New Delhi: Even before the heat of the financial crisis has completely abated, optimists around the world are anticipating a rewarding year ahead— and particularly so in the Indian subcontinent, where four out of five respondents to the Scorpio-Standard Chartered Future Wealth survey expect their finances to improve in the next 12 months.

“(C)onfidence levels among the future wealthy in emerging economies, particularly Asia and the Indian Sub-continent, have snapped back despite some damaging losses," the report, released on Tuesday, says. “A healthy dose of déjà vu appears to have put some perspective on the financial crisis for those in these more volatile regions."

Driving ambition: A Jaguar Land Rover showroom in Mumbai. Respondents from the subcontinent had set themselves an average target of $9.07 million ‘to achieve their life ambitions’, outstripping every other region. Adeel Halim / Bloomberg

It could be argued that the “future wealthy", by definition, need nothing but optimism— but then again, the report notes that 28% of future wealthy Britons think their finances will not improve in the coming year.

Surprisingly, family wealth and investments play little role in the financial lives of the future wealthy; 96% of them said that it was steady income from a job that was the major source of their wealth. Of the 1,414 people surveyed, 60% were salaried professionals, many of them working in the financial services industry.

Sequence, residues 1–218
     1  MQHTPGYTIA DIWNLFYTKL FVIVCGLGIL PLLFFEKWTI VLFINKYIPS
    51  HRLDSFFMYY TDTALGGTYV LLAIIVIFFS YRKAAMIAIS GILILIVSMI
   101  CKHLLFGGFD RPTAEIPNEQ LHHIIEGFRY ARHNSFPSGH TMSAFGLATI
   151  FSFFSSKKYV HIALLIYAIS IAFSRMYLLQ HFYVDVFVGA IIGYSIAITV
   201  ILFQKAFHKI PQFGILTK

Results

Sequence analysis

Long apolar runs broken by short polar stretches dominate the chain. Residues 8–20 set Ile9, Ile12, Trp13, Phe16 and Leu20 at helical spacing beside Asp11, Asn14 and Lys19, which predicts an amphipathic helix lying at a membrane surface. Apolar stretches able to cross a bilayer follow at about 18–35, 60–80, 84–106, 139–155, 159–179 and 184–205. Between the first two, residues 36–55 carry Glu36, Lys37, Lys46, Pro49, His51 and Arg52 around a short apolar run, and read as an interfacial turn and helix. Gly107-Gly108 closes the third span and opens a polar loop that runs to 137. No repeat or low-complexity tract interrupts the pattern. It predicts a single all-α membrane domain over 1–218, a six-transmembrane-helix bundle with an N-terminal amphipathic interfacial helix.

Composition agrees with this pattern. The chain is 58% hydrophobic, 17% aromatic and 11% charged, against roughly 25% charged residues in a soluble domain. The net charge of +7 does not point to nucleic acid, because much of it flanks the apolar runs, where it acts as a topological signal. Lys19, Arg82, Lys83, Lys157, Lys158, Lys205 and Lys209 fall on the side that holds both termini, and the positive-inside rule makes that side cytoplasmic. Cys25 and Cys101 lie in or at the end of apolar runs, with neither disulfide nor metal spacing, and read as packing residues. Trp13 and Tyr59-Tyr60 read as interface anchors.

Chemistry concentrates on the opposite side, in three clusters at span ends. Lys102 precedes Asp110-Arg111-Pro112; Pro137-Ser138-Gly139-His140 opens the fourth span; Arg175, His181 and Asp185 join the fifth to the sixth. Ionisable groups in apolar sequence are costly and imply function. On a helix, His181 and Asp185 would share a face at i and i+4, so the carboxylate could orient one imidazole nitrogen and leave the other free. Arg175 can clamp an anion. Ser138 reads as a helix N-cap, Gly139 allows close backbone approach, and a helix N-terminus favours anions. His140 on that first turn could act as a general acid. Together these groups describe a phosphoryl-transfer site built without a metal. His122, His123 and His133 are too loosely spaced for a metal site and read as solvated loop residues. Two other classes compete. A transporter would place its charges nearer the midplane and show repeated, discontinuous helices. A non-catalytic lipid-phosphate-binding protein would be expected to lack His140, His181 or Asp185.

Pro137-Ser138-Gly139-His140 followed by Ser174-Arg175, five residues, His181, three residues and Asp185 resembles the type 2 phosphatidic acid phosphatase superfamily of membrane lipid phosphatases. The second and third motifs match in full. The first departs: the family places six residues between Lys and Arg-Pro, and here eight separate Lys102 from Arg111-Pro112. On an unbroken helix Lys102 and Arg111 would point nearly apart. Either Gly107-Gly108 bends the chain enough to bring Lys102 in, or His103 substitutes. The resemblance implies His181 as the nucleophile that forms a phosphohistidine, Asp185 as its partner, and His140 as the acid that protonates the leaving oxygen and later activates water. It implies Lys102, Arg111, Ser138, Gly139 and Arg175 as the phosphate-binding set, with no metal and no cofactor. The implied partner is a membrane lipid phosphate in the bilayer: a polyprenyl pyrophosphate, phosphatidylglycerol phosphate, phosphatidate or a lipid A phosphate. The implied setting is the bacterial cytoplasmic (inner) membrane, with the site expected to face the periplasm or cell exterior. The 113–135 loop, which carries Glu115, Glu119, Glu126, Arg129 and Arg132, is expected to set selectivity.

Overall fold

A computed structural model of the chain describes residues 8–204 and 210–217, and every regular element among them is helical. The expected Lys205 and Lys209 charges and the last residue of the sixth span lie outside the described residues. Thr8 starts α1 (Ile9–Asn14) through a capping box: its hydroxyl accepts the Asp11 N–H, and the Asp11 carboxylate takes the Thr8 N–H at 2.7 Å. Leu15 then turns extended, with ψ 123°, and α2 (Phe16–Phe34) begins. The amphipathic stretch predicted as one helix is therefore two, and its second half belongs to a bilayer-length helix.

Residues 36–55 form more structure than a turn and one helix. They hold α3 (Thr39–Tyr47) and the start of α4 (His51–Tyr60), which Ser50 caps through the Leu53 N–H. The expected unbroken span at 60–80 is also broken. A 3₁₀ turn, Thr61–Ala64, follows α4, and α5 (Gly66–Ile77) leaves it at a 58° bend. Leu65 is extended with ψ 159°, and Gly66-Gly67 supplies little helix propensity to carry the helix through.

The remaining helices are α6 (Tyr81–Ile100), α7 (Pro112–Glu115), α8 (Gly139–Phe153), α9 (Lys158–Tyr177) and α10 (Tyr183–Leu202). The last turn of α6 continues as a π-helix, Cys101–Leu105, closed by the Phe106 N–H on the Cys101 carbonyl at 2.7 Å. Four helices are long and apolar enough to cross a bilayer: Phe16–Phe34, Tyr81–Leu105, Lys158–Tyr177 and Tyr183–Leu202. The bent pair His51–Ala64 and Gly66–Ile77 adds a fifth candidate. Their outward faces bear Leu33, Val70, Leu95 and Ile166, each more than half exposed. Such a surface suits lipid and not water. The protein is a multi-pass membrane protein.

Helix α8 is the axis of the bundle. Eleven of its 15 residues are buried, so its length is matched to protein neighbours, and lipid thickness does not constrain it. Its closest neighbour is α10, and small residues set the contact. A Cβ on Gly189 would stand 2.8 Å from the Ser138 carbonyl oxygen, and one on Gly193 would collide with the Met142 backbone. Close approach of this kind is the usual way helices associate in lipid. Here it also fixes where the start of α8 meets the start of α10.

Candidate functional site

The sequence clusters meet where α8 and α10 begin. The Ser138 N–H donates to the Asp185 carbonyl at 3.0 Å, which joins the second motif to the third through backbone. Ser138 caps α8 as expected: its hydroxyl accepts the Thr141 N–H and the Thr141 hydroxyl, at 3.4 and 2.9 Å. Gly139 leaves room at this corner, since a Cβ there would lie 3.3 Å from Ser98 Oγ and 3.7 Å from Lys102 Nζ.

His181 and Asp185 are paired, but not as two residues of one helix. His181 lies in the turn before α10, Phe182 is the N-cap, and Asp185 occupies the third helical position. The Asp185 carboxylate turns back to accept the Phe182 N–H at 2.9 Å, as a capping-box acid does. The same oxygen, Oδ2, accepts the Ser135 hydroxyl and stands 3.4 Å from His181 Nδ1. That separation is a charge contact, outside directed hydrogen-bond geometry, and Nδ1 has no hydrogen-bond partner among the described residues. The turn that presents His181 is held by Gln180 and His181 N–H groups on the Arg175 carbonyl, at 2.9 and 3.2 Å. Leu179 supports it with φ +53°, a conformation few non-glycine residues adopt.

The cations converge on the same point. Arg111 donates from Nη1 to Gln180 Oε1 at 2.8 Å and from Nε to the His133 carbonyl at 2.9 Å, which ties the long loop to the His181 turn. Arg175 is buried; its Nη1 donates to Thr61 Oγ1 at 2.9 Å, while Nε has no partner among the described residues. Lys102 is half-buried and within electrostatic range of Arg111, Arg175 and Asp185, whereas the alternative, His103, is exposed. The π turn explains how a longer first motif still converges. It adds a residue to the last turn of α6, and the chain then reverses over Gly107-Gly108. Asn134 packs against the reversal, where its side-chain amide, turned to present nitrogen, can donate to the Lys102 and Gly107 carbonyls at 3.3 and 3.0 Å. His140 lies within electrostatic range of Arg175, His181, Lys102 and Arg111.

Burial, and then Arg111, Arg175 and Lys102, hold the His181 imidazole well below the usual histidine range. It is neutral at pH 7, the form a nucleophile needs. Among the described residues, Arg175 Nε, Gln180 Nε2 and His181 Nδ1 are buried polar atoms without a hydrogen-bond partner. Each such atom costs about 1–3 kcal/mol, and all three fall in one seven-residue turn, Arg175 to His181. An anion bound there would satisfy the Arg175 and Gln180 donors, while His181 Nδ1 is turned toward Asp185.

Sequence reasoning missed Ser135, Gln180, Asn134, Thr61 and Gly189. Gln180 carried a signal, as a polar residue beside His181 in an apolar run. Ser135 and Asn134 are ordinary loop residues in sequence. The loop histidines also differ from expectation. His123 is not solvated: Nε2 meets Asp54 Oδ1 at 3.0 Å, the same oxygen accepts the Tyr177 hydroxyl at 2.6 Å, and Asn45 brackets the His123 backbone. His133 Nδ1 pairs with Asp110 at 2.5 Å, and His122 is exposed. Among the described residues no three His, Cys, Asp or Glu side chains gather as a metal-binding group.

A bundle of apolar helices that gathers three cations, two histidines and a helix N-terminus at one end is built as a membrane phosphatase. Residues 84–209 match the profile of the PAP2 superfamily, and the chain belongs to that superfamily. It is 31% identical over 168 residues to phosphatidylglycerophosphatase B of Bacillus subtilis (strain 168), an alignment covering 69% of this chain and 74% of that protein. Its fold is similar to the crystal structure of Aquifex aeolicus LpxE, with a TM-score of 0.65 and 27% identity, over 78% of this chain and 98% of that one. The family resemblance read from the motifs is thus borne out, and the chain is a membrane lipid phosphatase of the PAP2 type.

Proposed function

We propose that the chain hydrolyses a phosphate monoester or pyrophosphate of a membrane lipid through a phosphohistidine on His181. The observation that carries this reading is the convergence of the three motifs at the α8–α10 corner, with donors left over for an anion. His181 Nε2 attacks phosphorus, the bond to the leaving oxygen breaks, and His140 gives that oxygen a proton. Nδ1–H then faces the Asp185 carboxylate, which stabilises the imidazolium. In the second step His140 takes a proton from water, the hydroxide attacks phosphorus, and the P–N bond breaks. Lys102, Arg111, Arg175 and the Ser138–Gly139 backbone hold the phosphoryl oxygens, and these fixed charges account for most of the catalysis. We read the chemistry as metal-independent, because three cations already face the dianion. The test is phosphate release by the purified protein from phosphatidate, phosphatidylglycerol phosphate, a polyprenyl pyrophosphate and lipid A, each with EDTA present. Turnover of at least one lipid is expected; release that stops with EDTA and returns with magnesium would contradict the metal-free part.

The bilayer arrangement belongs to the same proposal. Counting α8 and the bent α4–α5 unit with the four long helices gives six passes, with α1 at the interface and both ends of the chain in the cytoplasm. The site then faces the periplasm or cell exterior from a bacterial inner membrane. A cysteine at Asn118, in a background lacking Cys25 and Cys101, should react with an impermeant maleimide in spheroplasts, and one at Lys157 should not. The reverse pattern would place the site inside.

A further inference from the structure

On various fields of the survey, the Indian subcontinent region lay resolutely in the middle of two extremes represented by North America and Central and Eastern Europe. For instance, 47% of Central and Eastern Europeans reported that their financial situation had improved over the last 12 months, as did 36% of North Americans; from the Indian subcontinent, the figure stood at 43%.

The optimism out of India is particularly surprising in the light of the Merrill Lynch-Capgemini World Wealth Report released earlier this year, which charted a decline of 31.6% in the country’s high net-worth population, the second largest in the world.

“It all stems from cheap money. When interest rates are next to nothing, money goes into assets like equity or gold, so those assets remain at a high level," said Rajan Mehta, executive director of Benchmark Mutual Fund. “We’ve seen that optimism too, especially after the elections got over and after the bad news stopped from the Western world. At least there’s a sense that the worst is behind us now. But whether that optimism is well founded, we’ll only know in hindsight."

Significantly, a fifth of those surveyed from the subcontinent believe that a sale of a business will be important in building their wealth. By comparison, in North America, dubbed the “spiritual home of the free market" by the report, “only 10% of the future wealthy have the sale of a business venture written into their wealth plan, (which) suggests that attitudes to the risks involved in business ownership may well have changed".

But ambitions in this region have scaled up as well. Worth $2.23 million on average, the survey’s respondents from the subcontinent had set themselves an average target of $9.07 million “to achieve their life ambitions"—outstripping every other region by at least $1 million.